Somebody posted these all around school, and now I know what it feels like to be proud of ones school.
bare minimum? i thought you meant bear minimum. as in the smallest amount of bears possible. which is why i brought one bear. there’s one bear. aka. the smallest amount of bears possible. i mean this is a problem but at least it’s not like. bear maximum
Last year, soon after I’d moved into a co-working space, I was working on yet another Saturday afternoon. A fellow founder in the space — a male, early forties — started chatting with me. He’d just started working on his own startup, and had a question.
“I see you in here every day working late, and on the weekends. I’m building out my own team and was just wondering how he keeps you motivated to work so hard?”
“What do you mean?” I asked. I was thoroughly confused. “Its my own startup. Of course I’m motivated.”
“Ohhh,” his voiced trailed off. “I just thought… well, I just assumed he was the founder.” The guy pointed at Marcin’s desk. Marcin just happened to be the only male on the team who worked in that office.
Wow. And he used this slide:
matisse’s assistant, annelies nelck (1953)
Tower of London
London, UK | 2014
Norwich pattern books
These happy-looking books from the 18th century contain records. Not your regular historical records - who had died or was born, or how much was spent on bread and beer - but a record of cloth patterns available for purchase by customers. They survive from cloth producers in Norwich, England, and they are truly one of a kind: a showcase of cloth slips with handwritten numbers next to them for easy reference. The two lower images are from a pattern book of the Norwich cloth manufacturer John Kelly, who had such copies shipped to overseas customers in the 1760s. Hundreds of these beautiful objects must have circulated in 18th-century Europe, but they were almost all destroyed. The ones that do survive paint a colourful picture of a trade that made John and his colleagues very rich.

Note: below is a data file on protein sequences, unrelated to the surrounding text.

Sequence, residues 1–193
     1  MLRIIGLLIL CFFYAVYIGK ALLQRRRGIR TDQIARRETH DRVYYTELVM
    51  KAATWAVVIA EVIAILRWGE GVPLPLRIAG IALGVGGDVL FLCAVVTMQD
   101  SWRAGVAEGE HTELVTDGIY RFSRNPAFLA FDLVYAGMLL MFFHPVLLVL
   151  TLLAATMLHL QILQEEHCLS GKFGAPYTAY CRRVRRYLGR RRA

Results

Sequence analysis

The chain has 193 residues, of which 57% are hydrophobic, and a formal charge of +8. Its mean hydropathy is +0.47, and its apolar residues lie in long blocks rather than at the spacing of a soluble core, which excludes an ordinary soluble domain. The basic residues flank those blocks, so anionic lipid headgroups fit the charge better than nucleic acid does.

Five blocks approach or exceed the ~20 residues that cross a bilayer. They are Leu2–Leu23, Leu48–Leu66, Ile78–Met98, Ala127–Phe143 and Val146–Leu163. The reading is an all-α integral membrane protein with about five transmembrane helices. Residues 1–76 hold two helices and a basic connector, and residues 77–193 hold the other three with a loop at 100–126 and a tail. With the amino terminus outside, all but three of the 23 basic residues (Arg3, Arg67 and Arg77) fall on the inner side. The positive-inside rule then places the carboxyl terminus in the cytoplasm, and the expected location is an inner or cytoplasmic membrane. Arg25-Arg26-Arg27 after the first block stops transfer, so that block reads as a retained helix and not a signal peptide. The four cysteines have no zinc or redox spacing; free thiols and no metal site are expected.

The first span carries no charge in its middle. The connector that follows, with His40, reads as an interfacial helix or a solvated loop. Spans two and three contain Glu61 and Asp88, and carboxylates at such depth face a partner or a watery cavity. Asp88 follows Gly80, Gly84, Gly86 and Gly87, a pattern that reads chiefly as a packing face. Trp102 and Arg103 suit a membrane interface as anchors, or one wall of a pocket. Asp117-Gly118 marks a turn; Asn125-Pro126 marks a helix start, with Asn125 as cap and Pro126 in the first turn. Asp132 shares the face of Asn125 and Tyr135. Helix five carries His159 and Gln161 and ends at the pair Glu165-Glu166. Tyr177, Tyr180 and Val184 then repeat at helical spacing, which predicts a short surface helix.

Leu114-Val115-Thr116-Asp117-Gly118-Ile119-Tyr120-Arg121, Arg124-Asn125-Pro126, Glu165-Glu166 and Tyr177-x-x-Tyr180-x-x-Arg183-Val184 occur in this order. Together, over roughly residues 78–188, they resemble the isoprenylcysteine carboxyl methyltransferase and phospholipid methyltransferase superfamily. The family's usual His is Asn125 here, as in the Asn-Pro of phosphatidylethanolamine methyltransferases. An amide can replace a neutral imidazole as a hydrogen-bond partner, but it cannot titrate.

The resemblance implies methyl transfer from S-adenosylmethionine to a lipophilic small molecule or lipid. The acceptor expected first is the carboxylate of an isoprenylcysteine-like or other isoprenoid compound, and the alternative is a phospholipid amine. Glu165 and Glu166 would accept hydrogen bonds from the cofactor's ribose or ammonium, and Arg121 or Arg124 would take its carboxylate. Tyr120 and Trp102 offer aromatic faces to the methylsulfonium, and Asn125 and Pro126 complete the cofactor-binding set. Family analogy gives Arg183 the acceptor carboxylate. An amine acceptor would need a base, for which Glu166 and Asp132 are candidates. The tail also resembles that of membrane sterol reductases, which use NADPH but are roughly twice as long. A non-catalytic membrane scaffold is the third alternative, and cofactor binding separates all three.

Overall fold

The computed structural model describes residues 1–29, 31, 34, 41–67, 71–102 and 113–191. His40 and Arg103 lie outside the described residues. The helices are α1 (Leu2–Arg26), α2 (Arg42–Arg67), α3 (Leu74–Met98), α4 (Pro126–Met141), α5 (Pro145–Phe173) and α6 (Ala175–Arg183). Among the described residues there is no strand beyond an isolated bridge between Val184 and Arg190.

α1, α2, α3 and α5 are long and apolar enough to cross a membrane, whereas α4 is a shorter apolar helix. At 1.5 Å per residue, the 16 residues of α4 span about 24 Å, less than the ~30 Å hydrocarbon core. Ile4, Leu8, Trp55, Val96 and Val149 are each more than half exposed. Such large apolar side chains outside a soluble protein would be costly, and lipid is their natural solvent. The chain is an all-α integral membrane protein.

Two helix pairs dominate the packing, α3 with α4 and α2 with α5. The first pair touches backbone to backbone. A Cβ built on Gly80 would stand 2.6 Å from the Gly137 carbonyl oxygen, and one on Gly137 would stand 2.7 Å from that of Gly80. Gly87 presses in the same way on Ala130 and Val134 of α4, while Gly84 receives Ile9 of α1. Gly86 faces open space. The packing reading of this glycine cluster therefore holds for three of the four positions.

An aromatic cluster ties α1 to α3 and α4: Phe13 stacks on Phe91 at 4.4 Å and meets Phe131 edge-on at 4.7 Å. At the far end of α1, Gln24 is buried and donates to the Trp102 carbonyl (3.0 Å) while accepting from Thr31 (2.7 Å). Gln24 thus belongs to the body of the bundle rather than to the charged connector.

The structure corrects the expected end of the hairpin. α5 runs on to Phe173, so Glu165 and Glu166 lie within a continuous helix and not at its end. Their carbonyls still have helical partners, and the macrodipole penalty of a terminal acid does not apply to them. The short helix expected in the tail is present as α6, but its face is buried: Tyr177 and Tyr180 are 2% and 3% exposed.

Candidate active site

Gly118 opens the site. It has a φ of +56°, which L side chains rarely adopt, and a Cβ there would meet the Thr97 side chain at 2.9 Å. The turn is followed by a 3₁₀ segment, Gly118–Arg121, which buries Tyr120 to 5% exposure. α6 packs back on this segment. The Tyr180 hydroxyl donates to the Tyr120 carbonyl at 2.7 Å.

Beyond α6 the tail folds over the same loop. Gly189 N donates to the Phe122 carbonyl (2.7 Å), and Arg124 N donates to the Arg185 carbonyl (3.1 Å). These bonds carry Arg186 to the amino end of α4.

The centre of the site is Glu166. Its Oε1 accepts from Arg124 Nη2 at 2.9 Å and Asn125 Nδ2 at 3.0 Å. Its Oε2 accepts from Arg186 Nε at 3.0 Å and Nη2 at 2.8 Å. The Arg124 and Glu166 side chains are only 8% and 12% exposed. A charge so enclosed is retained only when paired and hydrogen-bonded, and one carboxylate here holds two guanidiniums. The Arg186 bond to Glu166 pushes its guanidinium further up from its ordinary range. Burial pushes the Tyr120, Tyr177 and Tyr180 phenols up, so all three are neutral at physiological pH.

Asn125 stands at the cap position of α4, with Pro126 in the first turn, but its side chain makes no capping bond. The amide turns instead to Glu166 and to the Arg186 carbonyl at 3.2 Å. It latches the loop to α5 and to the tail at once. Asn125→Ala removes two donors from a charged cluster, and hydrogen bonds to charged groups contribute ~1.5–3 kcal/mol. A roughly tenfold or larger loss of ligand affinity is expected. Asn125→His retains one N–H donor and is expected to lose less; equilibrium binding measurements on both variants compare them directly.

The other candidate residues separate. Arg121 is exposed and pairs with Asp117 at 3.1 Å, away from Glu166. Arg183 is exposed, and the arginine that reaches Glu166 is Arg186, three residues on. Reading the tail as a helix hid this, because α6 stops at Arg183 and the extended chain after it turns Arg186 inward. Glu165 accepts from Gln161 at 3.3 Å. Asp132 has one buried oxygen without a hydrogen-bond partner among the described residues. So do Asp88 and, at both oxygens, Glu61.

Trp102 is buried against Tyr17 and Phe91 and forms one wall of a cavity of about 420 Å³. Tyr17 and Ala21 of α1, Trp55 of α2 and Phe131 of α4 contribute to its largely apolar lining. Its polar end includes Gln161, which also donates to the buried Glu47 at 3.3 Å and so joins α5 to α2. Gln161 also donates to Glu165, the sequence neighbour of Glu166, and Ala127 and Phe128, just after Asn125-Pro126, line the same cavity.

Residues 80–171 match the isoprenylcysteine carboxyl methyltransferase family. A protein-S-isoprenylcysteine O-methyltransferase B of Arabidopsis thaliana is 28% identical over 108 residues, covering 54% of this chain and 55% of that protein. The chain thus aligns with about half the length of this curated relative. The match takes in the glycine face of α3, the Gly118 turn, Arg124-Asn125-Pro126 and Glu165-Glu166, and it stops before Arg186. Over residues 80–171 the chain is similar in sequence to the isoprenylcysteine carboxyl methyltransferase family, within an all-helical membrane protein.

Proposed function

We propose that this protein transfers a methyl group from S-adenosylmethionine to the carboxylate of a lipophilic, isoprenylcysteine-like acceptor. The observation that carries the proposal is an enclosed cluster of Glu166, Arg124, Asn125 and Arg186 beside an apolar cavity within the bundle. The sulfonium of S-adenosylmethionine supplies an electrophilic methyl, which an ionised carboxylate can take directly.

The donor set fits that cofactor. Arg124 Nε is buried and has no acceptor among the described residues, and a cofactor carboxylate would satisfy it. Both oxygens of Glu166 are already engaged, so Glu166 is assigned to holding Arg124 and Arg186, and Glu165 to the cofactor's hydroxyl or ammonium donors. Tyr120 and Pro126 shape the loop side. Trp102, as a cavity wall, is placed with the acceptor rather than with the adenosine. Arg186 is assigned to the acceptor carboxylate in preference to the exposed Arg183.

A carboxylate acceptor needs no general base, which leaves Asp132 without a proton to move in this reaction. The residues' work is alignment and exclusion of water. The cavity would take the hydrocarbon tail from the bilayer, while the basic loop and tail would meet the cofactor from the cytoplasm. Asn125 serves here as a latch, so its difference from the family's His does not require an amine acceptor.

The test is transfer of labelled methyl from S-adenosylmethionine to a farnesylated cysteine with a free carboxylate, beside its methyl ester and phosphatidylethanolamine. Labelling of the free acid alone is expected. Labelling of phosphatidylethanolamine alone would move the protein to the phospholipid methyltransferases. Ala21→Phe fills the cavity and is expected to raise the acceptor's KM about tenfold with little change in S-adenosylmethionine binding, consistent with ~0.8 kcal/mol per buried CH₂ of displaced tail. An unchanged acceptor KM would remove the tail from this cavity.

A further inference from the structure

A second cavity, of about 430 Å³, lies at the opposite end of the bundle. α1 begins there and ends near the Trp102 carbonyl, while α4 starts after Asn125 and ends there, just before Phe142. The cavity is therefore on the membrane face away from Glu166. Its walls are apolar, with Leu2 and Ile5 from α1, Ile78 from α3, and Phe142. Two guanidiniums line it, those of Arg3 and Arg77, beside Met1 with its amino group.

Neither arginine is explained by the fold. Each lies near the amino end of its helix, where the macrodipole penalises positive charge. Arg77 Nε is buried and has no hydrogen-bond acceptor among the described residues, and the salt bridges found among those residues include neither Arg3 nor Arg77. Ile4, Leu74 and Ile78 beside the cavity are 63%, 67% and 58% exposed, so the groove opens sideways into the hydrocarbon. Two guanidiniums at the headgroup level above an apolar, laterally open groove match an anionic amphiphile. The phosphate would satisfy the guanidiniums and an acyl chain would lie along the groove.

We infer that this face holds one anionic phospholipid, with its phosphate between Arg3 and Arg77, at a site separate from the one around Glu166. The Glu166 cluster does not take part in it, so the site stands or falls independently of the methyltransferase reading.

These are the depictions of the most intense meteor storm in recorded history – the Leonid meteor storm of 1833. The Leonid meteor shower is annually active in the month of November, and it occurs when the Earth passes through the debris left by the comet Tempel-Tuttle. While the typical rates are about 10 to 15 meteors per hour, the storm of 1833 is speculated to have been over 100,000 meteors per hour, frightening people half to death.
Here’s how Agnes Clerke, an astronomer witnessing the event, described it: “On the night of November 12-13, 1833, a tempest of falling stars broke over the Earth… The sky was scored in every direction with shining tracks and illuminated with majestic fireballs. At Boston, the frequency of meteors was estimated to be about half that of flakes of snow in an average snowstorm.” (x)
Unknown artists recording in print
Wooden church of Transfiguration, Kizhi ( Russia ), assembled without nails, using interlocking corner joinery.
|—||Mary Wollstonecraft, from A Vindication of the Rights of Woman (via eggs-flaurantine)|
"why do you like floral prints so much" because i’m not a person. secretly i’m just a mass of bees. trying to blend in with humans. unable to let go of my love of flowers
Ever since the 2004 decision of the Australian High Court in the Al-Kateb case, human rights advocates have worried that the Australian government can keep asylum seekers in detention indefinitely. Yesterday the Court for the first time spelled out the constitutional limits to mandatory immigration detention.
Immigration detention is lawful in three circumstances only:
- if the government is considering whether to allow a person to apply for a visa;
- if the government is considering a person’s application for a visa; or
- if the government is deporting someone. Crucially, the Court also held that detention even on these grounds is unlawful unless “necessary and incidental” for those purposes.
Refugee lawyer Joyce Chia has an excellent summary of the Court’s decision in The Guardian.
What the government can’t do is detain a person purely to deter other asylum seekers, or while the government waits for the Senate to pass legislation reintroducing Temporary Protection Visas (TPVs).